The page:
• Source
    [Show abstract] [Hide abstract]
    ABSTRACT: The aim of this study was to trigger the expression of genes related to oocytes in putative ovarian stem cells scraped from the ovarian surface epithelium of women with premature ovarian failure and cultured in vitro in the presence of follicular fluid, rich in substances for oocyte growth and maturation. Ovarian surface epithelium was scraped and cell cultures were set up by scrapings in five women with nonfunctional ovaries and with no naturally present mature follicles or oocytes. In the presence of donated follicular fluid putative stem cells grew and developed into primitive oocyte-like cells. A detailed single-cell gene expression profiling was performed to elucidate their genetic status in comparison to human embryonic stem cells, oocytes, and somatic fibroblasts. The ovarian cell cultures depleted/converted reproductive hormones from the culture medium. Estradiol alone or together with other substances may be involved in development of these primitive oocyte-like cells. The majority of primitive oocyte-like cells was mononuclear and expressed several genes related to pluripotency and oocytes, including genes related to meiosis, although they did not express some important oocyte-specific genes. Our work reveals the presence of putative stem cells in the ovarian surface epithelium of women with premature ovarian failure.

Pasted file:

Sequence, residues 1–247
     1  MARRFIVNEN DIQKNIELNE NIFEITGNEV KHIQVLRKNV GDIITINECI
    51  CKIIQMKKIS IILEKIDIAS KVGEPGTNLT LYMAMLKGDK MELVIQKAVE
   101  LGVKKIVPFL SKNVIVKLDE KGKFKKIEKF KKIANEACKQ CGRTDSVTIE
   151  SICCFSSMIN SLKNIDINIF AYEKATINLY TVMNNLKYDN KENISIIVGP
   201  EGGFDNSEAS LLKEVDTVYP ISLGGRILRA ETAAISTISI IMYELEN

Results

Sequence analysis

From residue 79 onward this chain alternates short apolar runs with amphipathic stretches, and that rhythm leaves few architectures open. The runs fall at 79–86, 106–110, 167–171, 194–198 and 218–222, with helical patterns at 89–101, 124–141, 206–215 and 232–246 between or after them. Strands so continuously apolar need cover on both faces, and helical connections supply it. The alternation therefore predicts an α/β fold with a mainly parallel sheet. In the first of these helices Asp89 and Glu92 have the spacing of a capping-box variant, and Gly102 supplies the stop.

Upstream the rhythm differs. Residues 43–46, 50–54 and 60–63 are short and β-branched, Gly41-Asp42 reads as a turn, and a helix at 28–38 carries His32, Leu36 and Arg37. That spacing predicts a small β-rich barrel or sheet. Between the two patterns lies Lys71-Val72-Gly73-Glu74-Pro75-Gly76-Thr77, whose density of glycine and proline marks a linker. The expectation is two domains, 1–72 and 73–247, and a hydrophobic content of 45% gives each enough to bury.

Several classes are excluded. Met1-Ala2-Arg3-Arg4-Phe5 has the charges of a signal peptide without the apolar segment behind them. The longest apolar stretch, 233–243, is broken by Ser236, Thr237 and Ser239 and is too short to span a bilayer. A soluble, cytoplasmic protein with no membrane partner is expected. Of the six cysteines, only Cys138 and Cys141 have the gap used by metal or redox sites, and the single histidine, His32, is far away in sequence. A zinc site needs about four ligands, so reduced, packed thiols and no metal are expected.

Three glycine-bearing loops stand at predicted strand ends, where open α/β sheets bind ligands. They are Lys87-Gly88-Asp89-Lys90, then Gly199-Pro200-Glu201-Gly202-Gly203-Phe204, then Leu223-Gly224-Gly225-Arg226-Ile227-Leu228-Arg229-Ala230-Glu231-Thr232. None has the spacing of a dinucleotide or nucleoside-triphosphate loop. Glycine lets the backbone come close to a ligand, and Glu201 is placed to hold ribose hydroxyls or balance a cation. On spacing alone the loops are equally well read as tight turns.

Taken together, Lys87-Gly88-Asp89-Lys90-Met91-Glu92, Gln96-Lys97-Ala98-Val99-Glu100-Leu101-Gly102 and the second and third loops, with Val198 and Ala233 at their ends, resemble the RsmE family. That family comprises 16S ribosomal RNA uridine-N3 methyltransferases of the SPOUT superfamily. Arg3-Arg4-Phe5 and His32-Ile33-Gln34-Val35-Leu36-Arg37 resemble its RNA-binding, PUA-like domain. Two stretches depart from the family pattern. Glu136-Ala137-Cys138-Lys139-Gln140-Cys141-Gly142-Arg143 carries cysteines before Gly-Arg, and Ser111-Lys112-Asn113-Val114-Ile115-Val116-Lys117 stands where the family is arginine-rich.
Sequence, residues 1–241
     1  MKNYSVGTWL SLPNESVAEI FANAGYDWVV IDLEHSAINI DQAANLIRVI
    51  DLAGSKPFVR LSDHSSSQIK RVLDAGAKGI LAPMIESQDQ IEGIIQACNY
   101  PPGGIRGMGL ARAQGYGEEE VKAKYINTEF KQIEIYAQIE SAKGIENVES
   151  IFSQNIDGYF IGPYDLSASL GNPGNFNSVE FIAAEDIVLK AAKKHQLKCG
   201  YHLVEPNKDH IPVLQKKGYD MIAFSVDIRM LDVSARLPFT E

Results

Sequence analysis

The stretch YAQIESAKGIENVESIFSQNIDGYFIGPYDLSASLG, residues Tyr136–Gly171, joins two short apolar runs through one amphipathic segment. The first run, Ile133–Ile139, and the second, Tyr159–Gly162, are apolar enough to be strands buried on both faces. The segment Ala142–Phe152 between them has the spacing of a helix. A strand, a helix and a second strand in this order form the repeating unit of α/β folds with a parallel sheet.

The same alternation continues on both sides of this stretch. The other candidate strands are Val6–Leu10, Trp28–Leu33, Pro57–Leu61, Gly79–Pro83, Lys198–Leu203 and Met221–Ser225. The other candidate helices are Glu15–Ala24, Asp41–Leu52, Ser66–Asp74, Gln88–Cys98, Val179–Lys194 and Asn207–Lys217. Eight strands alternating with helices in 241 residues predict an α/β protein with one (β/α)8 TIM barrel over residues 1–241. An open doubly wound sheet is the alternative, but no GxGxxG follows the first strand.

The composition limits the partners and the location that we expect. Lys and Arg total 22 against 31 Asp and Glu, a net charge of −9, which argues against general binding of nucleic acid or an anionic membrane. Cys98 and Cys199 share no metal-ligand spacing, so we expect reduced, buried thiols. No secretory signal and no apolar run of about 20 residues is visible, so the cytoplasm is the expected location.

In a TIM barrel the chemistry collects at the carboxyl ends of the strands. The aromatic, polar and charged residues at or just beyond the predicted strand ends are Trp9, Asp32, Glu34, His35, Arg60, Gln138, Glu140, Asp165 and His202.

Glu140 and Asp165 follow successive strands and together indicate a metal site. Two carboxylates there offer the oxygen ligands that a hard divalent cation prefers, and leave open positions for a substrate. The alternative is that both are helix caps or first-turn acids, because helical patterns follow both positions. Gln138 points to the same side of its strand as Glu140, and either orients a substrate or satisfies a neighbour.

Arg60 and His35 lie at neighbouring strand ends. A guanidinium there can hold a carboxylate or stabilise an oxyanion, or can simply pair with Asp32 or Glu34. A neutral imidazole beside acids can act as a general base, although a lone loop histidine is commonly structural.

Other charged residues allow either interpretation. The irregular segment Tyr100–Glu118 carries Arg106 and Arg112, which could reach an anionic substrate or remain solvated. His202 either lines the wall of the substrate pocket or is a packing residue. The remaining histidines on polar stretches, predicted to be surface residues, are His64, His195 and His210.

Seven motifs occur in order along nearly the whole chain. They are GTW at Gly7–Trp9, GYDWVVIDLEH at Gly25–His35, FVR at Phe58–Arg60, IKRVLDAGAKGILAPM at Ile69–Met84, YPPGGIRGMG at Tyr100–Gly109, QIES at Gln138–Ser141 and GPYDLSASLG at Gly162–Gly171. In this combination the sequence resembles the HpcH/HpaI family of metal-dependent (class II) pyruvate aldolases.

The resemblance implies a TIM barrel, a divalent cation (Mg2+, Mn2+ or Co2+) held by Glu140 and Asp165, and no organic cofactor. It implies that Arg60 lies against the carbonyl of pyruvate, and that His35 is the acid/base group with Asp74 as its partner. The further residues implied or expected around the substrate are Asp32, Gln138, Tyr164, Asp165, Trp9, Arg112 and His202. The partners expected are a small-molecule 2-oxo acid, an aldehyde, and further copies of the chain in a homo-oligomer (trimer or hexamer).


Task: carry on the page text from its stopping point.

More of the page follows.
02/2013; 2013:861460. DOI:10.1155/2013/861460
  • [Show abstract] [Hide abstract]
    ABSTRACT: Steroidogenic tissues such as the ovary, testes or adrenal glands are paradoxical in that they often indicate actions of steroid hormones within a dynamic range of ligand concentration in a high nanomolar or even micromolar level, i.e. at the natural concentrations existing within those organs. Yet ligand-activated nuclear steroid receptors act classically by direct interaction with DNA in the picomolar or low nanomolar range. Moreover, global genomic studies suggest that less than 40% of steroid-regulated genes involve classical responsive elements in gene promoter regions. The bovine oxytocin gene is a key element in the maternal recognition of pregnancy in ruminants and is regulated via an SF1 site in its proximal promoter. This gene is also regulated by steroids acting in a non-classical manner, involving nuclear receptors which do not interact directly with DNA. Dose-response relationships for these actions are in the high nanomolar range. Similar 'steroid sensing' mechanisms may prevail for other SF1-regulated genes and predict alternative pathways by which environmental endocrine disruptors might influence the functioning of steroid-producing organs and hence indirectly the steroid-dependent control of physiology and development.
    Molecular and Cellular Endocrinology 04/2013; 382(1). DOI:10.1016/j.mce.2013.04.016 · 4.24 Impact Factor